Genetical and physiological studies in Escherichia coli K-12 using clorobiocin, an inhibitor of DNA gyrase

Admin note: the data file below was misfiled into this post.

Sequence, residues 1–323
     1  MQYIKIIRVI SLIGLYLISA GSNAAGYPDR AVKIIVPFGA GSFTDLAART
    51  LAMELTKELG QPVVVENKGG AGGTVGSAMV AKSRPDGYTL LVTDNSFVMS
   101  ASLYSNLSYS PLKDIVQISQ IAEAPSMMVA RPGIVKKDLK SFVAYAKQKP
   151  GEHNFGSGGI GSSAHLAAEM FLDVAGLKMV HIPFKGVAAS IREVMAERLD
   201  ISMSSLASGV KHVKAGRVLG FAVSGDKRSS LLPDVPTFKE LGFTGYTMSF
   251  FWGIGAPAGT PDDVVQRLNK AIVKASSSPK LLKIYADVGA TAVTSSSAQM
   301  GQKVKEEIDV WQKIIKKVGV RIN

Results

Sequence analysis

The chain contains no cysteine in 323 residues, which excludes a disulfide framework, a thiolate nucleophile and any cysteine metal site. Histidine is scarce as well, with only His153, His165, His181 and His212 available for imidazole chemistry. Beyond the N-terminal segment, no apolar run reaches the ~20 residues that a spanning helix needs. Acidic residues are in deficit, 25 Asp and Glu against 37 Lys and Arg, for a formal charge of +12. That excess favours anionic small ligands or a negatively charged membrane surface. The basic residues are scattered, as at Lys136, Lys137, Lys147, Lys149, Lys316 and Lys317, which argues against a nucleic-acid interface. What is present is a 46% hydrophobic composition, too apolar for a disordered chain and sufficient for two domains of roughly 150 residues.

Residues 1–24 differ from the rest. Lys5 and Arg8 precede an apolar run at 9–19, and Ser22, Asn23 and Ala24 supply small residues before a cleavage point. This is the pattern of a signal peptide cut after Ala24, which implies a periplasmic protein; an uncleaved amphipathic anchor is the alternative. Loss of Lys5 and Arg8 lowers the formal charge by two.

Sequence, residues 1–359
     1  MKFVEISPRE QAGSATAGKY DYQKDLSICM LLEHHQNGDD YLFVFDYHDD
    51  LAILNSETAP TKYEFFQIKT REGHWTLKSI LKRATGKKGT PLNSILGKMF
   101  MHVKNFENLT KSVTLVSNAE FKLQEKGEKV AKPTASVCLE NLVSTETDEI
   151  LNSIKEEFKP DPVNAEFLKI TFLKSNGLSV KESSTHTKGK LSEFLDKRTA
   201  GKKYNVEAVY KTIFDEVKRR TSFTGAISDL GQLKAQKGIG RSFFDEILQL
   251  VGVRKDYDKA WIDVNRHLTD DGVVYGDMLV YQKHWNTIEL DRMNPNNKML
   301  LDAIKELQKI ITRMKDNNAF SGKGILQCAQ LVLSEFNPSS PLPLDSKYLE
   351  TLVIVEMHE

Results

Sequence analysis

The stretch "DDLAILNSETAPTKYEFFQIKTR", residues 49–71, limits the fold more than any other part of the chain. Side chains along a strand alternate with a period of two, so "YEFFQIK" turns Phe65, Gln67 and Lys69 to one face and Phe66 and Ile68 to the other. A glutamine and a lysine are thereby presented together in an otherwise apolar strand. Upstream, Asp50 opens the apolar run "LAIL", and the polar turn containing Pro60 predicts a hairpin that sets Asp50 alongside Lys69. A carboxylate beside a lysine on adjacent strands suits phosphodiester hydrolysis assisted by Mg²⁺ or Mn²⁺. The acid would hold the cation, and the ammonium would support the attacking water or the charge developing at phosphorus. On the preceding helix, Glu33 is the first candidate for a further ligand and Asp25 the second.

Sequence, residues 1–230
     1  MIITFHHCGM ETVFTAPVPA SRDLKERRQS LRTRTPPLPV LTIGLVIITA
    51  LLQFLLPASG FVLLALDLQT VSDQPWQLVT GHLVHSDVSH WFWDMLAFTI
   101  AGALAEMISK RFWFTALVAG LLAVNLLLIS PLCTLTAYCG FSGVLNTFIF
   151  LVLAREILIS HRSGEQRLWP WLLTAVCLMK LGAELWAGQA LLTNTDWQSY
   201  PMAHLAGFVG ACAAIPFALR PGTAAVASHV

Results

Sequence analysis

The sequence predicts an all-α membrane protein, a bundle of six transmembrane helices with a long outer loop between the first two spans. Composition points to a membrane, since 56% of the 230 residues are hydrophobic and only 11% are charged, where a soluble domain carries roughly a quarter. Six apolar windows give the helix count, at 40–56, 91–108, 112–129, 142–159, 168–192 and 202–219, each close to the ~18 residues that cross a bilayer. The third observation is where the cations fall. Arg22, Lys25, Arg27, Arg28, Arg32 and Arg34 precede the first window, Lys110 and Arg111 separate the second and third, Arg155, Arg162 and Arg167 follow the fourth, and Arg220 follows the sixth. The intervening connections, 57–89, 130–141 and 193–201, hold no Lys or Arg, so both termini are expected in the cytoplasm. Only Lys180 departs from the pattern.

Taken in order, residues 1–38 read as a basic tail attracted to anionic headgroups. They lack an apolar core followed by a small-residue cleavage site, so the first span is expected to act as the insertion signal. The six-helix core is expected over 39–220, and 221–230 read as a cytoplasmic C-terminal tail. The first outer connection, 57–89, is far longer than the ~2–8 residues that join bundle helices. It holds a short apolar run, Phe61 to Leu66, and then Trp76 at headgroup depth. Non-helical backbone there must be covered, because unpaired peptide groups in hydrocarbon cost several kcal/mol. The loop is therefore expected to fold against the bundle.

Escherichia coli, in common with other bacteria studied, contains an enzyme termed DNA gyrase which introduces negative supercolis into closed circular DNA. DNA gyrase is inhibited by novobiocin and coumermycin, two structurally related antibiotics. In this study I have clorobiocin, an antibiotic structurally similar to novobiocin, as an inhibitor of DNA gyrase. Mutants of E. coli K-12, including those exhibiting a conditional lethal phenotype, were isolated as resistant to clorobiocin and the mutation responsible was mapped at gyrB (cou), the gene coding for the b subunit of DNA gyrase. The gene order was concluded to be: dgoD, gyrB(cou), dnaA, tna, ilv. One resistant mutant was studied in detail, and was shown to have a reduced DNA concentration. This defect could not be accounted for by a reduced velocity of replication, and it was concluded that the initiation of DNA replication must be delayed in this strain. An examination of the mode of action of clorobiocin demonstrated that this antibiotic caused an immediate inhibition of DNA synthesis and cell division in exponential cultures of E. coli; RNA and protein synthesis were affected to a lesser extent. The rate of synthesis of total outer membrane protein relative to that of the inner membrane fell immediately upon clorobiocin treatment, although the rates of synthesis of individual outer membrane proteins varied widely during the course of antibiotic treatment. The role of DNA gyrase in control of DNA replication, transcription and cell division is discussed.